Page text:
John Henry Frederick Bacon

(1868 - 24 Jan 1914)


British painter and illustrator of genre works, history and bible scenes, and portraits.

He was the second son of the lithographer John Cardanall Bacon, and showed artistic talent from a young age. He trained at the Westminster School of Art and the Royal Academy in London. In his teens he acquired a reputation as an outstanding Black and White illustrator, and at the age of 18 set off on a professional tour of India and Burma.

On his return to England, in 1889, Bacon exhibited "The Village Green" and "Nevermore" at the Royal Academy and was a regular exhibitor from then on. He was a successful painter of religious works, such as "Peace be unto you" (1897), "Gethsemane" (1899); historical scenes, such as "Homage giving, Westminster Abbey" (for the coronation of Edward VII), "The Coronation ceremony of George V" (1911), "The City of London Imperial Volunteers Return to London from South Africa on Monday 29th October 1900"; as well as portraiture and genre scenes - such as "A Wedding Morning" (1892), "A Confession of Love" (1894), "Rivals" (1904). He was an Associate of the Royal Academy (ARA) and was awarded the MVO (Member of the Royal Victorian Order) for distinguished service to the King. Bacon illustrated books as well as magazines and periodicals.

Bacon married in 1894 and took up residence at "Pillar House" in Harwell, Berkshire (now in Oxfordshire). He had 7 children 19 to 4 years of age. He died of acute bronchitis on 24 January 1914, aged only 49.
Sources differ on year of birth; (1865 or 1868)

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It is one of the penalties of modern life that fame often comes to those who lack physical strenth to support the burden. The career of the late John Henry Frederick Bacon, A.R.A., M.N.O., who died on January 24th, when only in his forty-ninth year, would seem to be a melancholy instance of this. He was cut off in the fullness of his artistic powers, having at his hand as many conmnssions as he cared to execute, and half completed one of his most important works, a canvas representing the reception of their Majesties, the King and Queen at the Guildhall on the day after their coronation. One cannot help feelinig that the untimely death of the artist was in part the result of an over-taxed strength, the spur of an almost unmixed series of successes from his earliest youth having led him to spend his powers more lavishly than his constitution justified.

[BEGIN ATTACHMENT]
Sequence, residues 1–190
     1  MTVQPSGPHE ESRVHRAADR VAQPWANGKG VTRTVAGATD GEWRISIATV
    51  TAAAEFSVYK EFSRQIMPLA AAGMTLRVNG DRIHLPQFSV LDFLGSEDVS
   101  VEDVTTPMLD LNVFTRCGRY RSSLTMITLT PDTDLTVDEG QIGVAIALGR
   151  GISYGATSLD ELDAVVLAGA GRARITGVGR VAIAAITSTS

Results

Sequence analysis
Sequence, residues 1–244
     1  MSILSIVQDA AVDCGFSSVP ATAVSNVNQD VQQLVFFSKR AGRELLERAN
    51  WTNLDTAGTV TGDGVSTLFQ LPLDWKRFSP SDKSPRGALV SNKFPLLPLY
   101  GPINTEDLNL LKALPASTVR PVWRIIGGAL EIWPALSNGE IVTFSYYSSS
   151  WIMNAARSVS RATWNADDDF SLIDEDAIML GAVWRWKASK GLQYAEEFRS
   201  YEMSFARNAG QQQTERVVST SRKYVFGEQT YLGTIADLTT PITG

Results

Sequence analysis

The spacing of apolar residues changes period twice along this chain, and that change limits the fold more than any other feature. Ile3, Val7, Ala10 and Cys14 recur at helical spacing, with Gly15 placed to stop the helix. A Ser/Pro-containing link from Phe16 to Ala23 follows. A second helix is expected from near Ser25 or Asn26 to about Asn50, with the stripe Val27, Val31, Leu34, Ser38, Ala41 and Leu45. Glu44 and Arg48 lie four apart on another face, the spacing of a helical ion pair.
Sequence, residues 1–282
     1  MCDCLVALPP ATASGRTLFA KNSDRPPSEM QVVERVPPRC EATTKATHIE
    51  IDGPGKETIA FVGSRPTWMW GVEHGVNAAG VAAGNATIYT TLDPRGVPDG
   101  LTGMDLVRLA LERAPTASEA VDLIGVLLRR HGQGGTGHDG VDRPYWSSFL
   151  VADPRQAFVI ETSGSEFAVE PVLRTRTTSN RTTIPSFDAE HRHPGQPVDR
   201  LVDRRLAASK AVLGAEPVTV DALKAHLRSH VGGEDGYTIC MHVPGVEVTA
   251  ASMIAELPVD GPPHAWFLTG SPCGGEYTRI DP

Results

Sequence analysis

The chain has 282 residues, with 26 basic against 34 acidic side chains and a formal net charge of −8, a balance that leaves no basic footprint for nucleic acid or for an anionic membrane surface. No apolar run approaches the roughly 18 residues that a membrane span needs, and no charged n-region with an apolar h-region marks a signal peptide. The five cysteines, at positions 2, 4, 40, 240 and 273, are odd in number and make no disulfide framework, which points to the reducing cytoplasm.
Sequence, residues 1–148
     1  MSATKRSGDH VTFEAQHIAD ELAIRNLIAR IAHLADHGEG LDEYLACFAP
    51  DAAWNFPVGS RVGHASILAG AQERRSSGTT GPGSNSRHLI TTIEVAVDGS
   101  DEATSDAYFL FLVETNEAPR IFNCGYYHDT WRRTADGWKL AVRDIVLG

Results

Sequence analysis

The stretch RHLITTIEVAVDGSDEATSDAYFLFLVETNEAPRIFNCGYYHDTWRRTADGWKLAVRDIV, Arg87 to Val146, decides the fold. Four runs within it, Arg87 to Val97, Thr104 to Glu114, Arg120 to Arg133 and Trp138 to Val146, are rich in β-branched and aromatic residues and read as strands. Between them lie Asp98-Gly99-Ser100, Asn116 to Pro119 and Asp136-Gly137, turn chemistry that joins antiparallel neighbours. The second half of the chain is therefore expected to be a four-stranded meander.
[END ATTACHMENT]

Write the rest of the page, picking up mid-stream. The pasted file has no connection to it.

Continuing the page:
The late Mr. Bacon was second son of John Cardanall Bacon, a well-known lithographer. A precocious and delicate child, the deceased artist gave evidence of his talents almost before he coidd walk. He might have emulated the early career of Lawrence as a portraitist, for, like that artist, he could draw admirable likenesses at the age of ten. His parents, however, were by no means desirous of exploiting his talents and he was put through a regular course of training, first at the Westminster School of Art, ans later on at the Royal Academy Schools. Early in his teens, however, he attained a high reputation as a black and white illustrator, and when only eighteen -- an age when most painters are beginning their artistic tuition -- he set off on a professional tour to India and Burma, where he acqiuired the strong feeling for colour which subsec|uently characterised his work. His pictures at the Academy -- "The Village Green" and "Nevermore" -- were shown in 1889, and both hung on the line. The pathos of the latter work made it a popular success, while the high technical qualities of the other pictures secured the approval of the critics. After that Mr. Bacon may be said to have pursued a career of unqualified success. He was a born story-teller in the highest sense of the phrase, investing his conceptions with high dramatic power and setting them down with fine artistry. In 1897, he ventured on the domain of religious art, producing in that year his large picture of the Resurrection morning, entitled "Peace be unto you", which was followed in 1899, by "Gethsemane". During the same period he had indulged his early predilection for portraiture with considerable success. In 1903, he was selected to paint the command picture of the coronation of King Edward VII., where he showed his dramatic instinct by seizing upon the most touching episode in the whole ceremony -- the moment when the aged Archbishop Temple, having stumbled and nearly fallen, the King stepped forward and supported him. The popular success of this work pointed Mr. Bacon out as the artist most fitted to paint the command picture of the coronation of King George and Queen Mary. This was exhibited at the Royal Academy of 1912, while last year Mr. Bacon was represented by four portraits. The most salient characteristic of his work was its thoroughness.

Though possessed of sufficient dramatic power to have enabled him to attain popular successes without undue labour, the deceased bestowed exemplary care on the production of every picture. He painted with a fine sense of colour and an unflinching regard for natural truth. His death leaves a void in a phase of English art which is at present not strongly represented.

Obituary (The Connoisseur, volume 38, 1914).

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National Portrait Gallery, London
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